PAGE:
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  • Writer's pictureChuck Monan

The Myth of the Self-Made Man

He was a self-made man who owed his lack of success to nobody. ⎯ Joseph Heller

You may say to yourself, “My power and the strength of my hands have produced this wealth for me.” But remember the Lord your God, for it is he who gives you the ability to produce wealth. ⎯ Deut. 8:17-18

Why do some people succeed far more than others? The answer usually given is intelligence, ambition and hard work. In Outliers Malcolm Gladwell argues that the true story of success is very different, and that if we want to understand how some people thrive, we should spend more time looking around them at such things as their family, their birthplace, or even their birthdate. Sometimes circumstances come together to form unique opportunities for certain people.

Gladwell cites three giants in the computing field as proof: Bill Joy, cofounder of Sun Microsystems, Bill Gates, cofounder of Microsoft, and Steve Jobs, cofounder of Apple Computer. All three were born at the right time (1954-5) which enabled them to come of age when computers were powerful enough to handle more than one “appointment” at once. They were in places where mainframes were accessible to them. They were bright enough to know how to proceed mathematically and mechanically. And they were tireless workers. Gladwell describes Joy’s arc:

Just look at the stream of opportunities that came Bill Joy’s way. Because he happened to go to a farsighted school like the University of Michigan, he was able to practice on a time-sharing system instead of with punch cards; because the Michigan system happened to have a bug in it, he could program all he wanted; because the university was willing to spend the money to keep the Computer Center open twenty-four hours, he could stay up all night; and because he was able to put in so many hours, by the time he happened to be presented with the opportunity to rewrite UNIX, he was up to the task. Bill Joy was brilliant. He wanted to learn. That was a big part of it. But before he could become an expert, someone had to give him the opportunity to learn how to be an expert.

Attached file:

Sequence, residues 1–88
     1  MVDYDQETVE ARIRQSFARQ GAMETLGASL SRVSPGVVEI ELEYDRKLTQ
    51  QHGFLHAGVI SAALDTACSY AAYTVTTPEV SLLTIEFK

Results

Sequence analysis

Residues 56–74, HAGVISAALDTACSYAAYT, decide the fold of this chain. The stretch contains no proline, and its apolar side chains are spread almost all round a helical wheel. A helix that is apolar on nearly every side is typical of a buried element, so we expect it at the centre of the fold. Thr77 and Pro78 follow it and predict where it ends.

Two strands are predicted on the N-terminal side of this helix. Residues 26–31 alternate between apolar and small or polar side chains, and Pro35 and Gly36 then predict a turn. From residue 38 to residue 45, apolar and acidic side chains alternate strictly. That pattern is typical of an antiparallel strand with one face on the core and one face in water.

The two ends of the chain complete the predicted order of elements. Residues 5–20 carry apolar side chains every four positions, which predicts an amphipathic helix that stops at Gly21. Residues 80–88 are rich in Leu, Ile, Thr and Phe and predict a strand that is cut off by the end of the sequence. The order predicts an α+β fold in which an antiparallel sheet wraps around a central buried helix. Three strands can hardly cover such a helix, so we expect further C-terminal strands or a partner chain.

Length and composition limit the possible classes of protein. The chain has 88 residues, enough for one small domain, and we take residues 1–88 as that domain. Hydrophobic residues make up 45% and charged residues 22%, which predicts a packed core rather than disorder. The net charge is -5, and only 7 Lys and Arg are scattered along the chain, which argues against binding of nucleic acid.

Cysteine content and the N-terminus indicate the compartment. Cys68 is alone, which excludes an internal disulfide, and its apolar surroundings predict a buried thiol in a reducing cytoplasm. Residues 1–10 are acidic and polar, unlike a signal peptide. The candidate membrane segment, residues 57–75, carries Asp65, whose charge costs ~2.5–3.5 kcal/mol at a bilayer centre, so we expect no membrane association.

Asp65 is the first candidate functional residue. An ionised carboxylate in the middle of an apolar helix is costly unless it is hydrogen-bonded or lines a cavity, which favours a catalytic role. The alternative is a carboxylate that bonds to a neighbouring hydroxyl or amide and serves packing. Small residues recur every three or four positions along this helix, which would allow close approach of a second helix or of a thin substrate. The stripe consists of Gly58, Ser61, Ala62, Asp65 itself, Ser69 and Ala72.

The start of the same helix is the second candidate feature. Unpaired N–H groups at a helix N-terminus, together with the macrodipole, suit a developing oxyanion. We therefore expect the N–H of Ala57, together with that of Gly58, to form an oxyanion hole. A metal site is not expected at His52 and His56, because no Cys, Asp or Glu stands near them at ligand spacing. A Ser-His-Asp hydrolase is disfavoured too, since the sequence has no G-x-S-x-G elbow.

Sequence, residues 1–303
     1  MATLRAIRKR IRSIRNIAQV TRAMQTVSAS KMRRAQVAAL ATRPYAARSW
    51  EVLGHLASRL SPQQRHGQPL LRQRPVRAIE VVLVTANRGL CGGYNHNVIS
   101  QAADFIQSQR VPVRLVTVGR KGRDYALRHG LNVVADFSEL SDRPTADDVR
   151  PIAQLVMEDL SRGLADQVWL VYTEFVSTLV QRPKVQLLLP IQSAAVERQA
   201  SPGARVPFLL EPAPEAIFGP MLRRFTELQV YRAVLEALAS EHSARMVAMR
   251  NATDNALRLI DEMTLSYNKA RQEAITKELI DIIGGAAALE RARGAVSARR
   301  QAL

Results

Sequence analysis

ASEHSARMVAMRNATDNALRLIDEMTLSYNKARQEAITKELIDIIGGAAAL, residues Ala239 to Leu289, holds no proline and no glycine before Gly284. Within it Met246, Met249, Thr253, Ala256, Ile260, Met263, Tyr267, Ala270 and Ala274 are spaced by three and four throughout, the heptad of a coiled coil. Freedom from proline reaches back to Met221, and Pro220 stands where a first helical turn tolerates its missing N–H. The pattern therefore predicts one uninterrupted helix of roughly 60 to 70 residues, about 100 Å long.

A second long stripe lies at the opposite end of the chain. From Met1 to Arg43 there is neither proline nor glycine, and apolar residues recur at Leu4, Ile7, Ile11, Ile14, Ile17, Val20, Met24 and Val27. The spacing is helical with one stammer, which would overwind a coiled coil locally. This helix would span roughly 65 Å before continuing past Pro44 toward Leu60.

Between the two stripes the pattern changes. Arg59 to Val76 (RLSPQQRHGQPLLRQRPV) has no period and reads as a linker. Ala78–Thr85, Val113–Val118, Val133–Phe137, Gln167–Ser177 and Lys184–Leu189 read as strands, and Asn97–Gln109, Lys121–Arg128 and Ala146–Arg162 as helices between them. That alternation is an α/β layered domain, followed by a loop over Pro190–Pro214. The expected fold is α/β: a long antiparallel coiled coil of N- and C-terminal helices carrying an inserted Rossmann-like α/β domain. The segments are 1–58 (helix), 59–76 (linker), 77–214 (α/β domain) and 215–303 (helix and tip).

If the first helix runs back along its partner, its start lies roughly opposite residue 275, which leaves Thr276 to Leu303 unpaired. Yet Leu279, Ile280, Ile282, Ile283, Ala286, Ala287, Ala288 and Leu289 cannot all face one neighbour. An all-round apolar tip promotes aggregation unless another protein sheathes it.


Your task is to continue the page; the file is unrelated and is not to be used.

Opportunities presented themselves to Jobs and Gates in the same fortuitous ways. Jobs lived in a neighborhood filled with engineers from Hewlett-Packard. Bill Hewlett himself gave him spare parts. Gates admits, “I had a better exposure to software development at a young age than I think anyone did in that period of time, and all because of an incredibly lucky series of events.”

When we are tempted to attribute whatever success we enjoy to our hard work and intelligence, we need to remember that we have likely been the beneficiaries of a considerable number of breaks. Where we were bornÖwhen we were bornÖto whom we were born…etc. Gladwell says outliers “are the products of history and community, of opportunity and legacy. Their success is not exceptional or mysterious. It is grounded in a web of advantages and inheritances, some deserved, some not, some earned, some just plain lucky – but all critical to making them who they are. An outlier, in the end, is not an outlier at all.”

Whenever you feel the urge to think, “I did this all by myself,” remember that you didn’t. The Lord had a little something to do with it, too (Deut. 8:17-18).

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